Historically, women have not always been able to make that choice. The perennially popular classic Pride and Prejudice is all about a group of women who are not able to earn their own living, and must rely on finding a wealthy husband to support them. Marriage meant financial security, and women reading the novel at the time it was published might have judged Charlotte Lucas, who marries an awful man in order to gain a comfortable home, a little less harshly than modern readers.
The increase in working women, as well as rises in their wages, has been linked by a study from the University of California to a decline in the marriage rate. Every 10% increase in women’s wages leads to a 7% decline in marriages. This may be viewed as a positive development – women who are getting married are possibly doing so for the right reasons, and not for financial support.
The cult of motherhood
Some people, particularly religious people, tend to view women’s work as a stopgap, or something they do before getting married. Some women may look forward to giving up work when they are married, and they see marriage and motherhood as the purpose of their lives. Other women find fulfilment and meaning in the work they do – they are contributing to society and to their professional spheres. Neither lifestyle is necessarily more superior to the other, and the choices a woman makes in her life are very much dependent on her individual tastes and interests.
The ‘cult of motherhood’, as the cultural glorification of motherhood has frequently been described, is just as harmful to mothers as it is to childless women. When women are expected to take to motherhood like a duck to water, immediately upon giving birth, any small omissions in the areas of feeding or nappy changing may be mentally magnified and make her feel bad about asking for help. But if a man changes a nappy, however sloppily, he may be congratulated for doing it at all. Working mothers, as Annabel Crabb points out, are in a double bind: the feeling that one ought to work as if one did not have children, while raising one’s children as if one did not have a job**.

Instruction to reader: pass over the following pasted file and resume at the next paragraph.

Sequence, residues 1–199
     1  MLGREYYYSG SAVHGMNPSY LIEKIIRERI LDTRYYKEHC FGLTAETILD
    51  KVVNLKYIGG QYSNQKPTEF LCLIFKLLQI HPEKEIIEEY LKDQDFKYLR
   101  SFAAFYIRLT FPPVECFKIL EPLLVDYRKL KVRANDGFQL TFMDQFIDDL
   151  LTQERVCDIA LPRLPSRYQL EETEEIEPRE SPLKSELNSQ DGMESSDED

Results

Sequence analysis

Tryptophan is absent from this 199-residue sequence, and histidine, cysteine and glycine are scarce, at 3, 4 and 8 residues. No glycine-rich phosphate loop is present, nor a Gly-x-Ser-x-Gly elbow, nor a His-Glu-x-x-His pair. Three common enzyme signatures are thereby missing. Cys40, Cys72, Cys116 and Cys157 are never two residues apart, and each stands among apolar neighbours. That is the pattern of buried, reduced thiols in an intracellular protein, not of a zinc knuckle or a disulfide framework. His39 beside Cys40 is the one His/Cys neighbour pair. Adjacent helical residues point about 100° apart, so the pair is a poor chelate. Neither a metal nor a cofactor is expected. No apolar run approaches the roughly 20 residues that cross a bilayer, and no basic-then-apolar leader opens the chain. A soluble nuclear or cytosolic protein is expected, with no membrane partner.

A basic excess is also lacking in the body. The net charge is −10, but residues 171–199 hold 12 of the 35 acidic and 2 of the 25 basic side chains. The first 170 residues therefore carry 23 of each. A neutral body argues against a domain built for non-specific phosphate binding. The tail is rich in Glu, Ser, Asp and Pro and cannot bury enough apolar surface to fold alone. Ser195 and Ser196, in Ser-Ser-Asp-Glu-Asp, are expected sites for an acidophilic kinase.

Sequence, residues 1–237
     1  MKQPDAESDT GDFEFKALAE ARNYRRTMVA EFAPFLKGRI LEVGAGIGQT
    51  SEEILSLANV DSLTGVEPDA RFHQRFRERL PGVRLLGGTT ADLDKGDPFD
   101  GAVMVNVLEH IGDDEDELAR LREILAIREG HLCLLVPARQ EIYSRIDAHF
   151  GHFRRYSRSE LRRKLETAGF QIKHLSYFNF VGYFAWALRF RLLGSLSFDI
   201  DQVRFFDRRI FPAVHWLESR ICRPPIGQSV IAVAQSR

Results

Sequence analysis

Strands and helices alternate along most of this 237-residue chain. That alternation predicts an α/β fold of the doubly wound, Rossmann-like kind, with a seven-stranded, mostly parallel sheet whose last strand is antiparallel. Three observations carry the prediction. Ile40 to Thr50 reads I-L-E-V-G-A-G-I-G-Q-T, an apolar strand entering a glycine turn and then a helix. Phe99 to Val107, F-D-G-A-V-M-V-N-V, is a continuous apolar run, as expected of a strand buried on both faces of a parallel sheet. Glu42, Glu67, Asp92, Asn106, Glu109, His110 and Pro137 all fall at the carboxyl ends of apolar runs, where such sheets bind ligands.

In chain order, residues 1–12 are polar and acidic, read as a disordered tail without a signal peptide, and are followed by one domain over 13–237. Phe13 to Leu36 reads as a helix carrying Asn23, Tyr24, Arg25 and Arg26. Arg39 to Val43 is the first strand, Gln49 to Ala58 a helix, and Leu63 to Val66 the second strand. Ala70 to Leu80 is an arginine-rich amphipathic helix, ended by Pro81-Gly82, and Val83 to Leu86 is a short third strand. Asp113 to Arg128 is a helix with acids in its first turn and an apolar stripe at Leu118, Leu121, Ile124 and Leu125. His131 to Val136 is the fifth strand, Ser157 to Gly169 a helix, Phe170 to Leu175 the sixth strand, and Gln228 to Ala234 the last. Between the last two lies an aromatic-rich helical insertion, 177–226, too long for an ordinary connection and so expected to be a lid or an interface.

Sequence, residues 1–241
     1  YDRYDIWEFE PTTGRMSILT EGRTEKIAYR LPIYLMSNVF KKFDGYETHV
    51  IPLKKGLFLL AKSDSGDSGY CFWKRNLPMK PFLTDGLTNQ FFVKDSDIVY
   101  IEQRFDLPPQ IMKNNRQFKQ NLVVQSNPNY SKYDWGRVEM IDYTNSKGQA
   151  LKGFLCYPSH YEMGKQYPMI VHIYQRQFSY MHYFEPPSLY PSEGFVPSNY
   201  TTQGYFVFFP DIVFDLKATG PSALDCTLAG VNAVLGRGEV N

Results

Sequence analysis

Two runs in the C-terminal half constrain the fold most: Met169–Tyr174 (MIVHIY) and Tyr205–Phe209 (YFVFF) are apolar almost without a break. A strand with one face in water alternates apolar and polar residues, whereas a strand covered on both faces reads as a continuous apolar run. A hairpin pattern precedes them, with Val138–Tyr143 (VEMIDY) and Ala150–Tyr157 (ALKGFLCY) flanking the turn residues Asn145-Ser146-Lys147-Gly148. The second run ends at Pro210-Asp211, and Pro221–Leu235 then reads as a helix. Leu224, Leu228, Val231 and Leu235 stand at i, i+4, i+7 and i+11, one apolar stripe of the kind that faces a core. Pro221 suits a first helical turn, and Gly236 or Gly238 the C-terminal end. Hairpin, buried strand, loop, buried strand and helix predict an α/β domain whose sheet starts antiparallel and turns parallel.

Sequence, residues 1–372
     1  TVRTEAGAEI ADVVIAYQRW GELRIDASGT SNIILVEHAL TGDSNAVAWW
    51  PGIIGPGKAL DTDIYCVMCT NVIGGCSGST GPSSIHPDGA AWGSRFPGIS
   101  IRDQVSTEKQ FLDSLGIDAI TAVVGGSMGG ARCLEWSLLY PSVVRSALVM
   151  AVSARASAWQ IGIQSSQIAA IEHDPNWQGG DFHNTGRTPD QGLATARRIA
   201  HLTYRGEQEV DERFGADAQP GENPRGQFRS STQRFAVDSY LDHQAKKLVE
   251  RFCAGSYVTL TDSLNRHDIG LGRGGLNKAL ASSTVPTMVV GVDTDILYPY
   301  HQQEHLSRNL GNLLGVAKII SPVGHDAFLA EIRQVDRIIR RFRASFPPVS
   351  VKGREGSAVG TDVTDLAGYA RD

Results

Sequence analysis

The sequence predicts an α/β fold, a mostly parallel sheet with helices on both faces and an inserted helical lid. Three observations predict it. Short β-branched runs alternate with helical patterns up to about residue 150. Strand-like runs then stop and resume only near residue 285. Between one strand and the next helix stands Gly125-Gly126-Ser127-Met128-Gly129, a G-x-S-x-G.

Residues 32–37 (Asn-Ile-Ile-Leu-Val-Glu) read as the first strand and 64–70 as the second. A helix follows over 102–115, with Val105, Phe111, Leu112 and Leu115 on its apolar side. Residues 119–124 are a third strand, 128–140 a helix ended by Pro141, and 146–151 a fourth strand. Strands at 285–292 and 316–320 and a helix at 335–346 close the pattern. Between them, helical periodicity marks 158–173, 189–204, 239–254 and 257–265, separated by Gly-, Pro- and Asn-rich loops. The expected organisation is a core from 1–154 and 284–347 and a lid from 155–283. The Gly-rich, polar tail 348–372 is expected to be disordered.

Some might say, why work at all, when you don’t have to? Education and professional development are very much self-motivated activities, and many women who work do not do so simply from financial necessity, but from the same goals of finding meaning and intellectual fulfilment that many men have. It is unfair to suggest that a woman should only work to help pay the bills, or that if one partner must give up work, it must always be the woman.
Women are not a homogenous group, and there are as many right choices as there are women alive today, because each one is different. Almost 40 years after her controversial pamphlet, Phyllis Duguid reassessed her ideas in a 1983 interview: “it seemed to me that any mature person to be totally dependent on another person is thoroughly bad… if I’d been writing it now I would have taken into consideration the fact that so many women now do a double job of homemaking and income earning…but I still feel just as strongly as ever that no mature person should be completely dependent – economically dependent – on another person.”
Although Phyllis’ scheme never got off the ground, her motivation for giving all women the dignity and respect that financial independence can bring is a good one. She was not suggesting that women should stay at home – this was simply the norm at the time – nor was she devaluing the genuine reasons that women (and men) have for choosing to care for others. She was declaring that those who do should be recognised for their contribution to society.
*Kidder, Annemarie S. (2003) Women, celibacy and the church: towards a theology of the single life. New York: Crossroad. Pp. 200.
**Crabb, Annabel. (2014) The wife drought. North Sydney: Ebury Press. p. 11